Orwellian use of facial recognition technology alarms privacy campaigners as huge databases are compiled.

Smartphones can track our movements, credit cards have a record of our purchases and now, thanks to advances in facial recognition technology, companies and governments have the potential to watch us wherever we go.

Facial recognition technology has become far more sophisticated in recent years. Software now exists that can scan people's faces - even from a distance or an obscure angle - and "recognise" that person by matching their facial features with an image from a database of photos.

Who uses facial recognition technology?
Governments have started to compile extensive databases of images. The police in the UK have 18 million recorded mugshots and the FBI's Next Generation Identification system is expected to have a database of 51 million photos by the end of this year.

But private companies are also able to recognise customers' faces. For example, Facebook's facial recognition technology means that users can be automatically tagged in uploaded photos.


The program is being enhanced to recognise people even when their faces are turned away from the camera, by identifying them from their clothing and posture.

How is it being used?
Last week, US government agency talks intended to create a code of conduct for the technology fell apart. Privacy campaigners walked out, claiming companies and government agencies were unwilling to accept they must always seek permission before using facial recognition technology to identify someone.

Alvaro Bedoya, from Georgetown University Law Centre in Washington DC, told New Scientist "not a single company would support [the principle]".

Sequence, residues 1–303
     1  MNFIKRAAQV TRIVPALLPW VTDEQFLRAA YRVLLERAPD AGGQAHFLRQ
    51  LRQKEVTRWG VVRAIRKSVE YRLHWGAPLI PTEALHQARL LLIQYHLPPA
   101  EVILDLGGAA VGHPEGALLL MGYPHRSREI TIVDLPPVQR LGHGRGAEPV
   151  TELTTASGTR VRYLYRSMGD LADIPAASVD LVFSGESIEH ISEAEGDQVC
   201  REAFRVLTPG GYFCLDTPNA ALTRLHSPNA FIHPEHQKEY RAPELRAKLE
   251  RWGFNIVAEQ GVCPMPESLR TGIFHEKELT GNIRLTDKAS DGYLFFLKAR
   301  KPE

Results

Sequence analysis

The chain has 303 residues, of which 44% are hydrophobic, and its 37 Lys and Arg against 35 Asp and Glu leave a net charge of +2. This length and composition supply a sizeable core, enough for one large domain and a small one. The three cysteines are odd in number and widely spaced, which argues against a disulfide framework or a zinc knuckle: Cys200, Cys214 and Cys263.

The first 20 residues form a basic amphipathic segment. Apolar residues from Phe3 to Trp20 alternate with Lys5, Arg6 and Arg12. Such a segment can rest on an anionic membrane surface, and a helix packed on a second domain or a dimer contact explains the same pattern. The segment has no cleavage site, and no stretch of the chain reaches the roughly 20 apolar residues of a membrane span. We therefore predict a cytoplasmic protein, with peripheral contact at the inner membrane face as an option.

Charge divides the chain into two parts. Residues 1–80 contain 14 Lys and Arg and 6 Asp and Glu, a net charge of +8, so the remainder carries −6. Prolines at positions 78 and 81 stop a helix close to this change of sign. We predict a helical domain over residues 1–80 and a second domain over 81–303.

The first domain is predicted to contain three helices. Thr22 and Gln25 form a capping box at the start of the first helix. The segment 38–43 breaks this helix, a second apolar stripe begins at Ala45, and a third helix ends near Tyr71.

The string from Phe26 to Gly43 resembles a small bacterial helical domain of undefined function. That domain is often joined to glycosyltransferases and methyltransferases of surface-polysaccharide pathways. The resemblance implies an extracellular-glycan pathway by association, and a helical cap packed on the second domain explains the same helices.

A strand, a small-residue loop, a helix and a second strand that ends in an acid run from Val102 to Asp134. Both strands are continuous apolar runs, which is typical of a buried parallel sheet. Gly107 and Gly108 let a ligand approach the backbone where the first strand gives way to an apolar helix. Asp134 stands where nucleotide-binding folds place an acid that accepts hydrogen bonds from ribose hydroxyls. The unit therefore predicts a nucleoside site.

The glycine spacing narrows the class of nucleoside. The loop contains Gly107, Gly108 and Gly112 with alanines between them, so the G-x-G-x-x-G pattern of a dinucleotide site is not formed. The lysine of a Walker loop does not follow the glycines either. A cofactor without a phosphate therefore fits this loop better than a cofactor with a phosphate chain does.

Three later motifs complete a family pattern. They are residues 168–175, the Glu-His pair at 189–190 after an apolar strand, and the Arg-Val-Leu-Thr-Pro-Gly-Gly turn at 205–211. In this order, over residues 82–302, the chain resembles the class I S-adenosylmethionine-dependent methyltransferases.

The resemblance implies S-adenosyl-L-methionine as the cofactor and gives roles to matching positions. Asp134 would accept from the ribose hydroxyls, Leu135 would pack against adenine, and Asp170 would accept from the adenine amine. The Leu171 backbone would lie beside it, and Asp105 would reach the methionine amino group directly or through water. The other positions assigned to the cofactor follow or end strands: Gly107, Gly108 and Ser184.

Uses of the technology are becoming increasingly Orwellian. A US company called Face First offers retailers the ability to "build a database of good customers, recognise them when they come through the door, and make them feel more welcome" - in other words, schmooze the big spenders. The product also sends alerts whenever "known litigious individuals enter any of your locations". Another company, Churchix, uses facial recognition technology to track church attendance.

Should we be excited or worried?
Facial recognition technology has the potential to make security measures, such as border control and law enforcement, far faster and more sophisticated. And companies can use the system to create personalised services, such as alerting customers to offers on products they regularly purchase when they enter a store, which some people may appreciate.

But Alessandro Acquisti, professor of information technology and public policy at Carnegie Mellon University, argues this is also a threat to privacy. "Facial recognition makes it possible for third parties to identify people in the 'offline' world without their awareness, knowledge, and consent."

Dr Anne-Marie Oostveen, from Oxford University's Oxford Internet Institute, says focus groups show that people are uncomfortable about facial recognition technology being used without their knowledge.

Even in situations such as border control, people would much rather interact with a fingerprint scanner than have their face scanned from a distance. And once facial recognition becomes normal in one context, it's far easier for companies to use it elsewhere.

"People are right to be worried," says Dr Oostveen. Once your face is on the system, there's little you can do. "If you have pin codes you can make new ones, but your face is yours. And you don't know what the information is going to be used for."

Can our images be sold? Dr Oostveen says the most serious concern comes from images being sold on to third parties who can match them with other data, such as health records - which could build a disconcertingly detailed picture of consumers.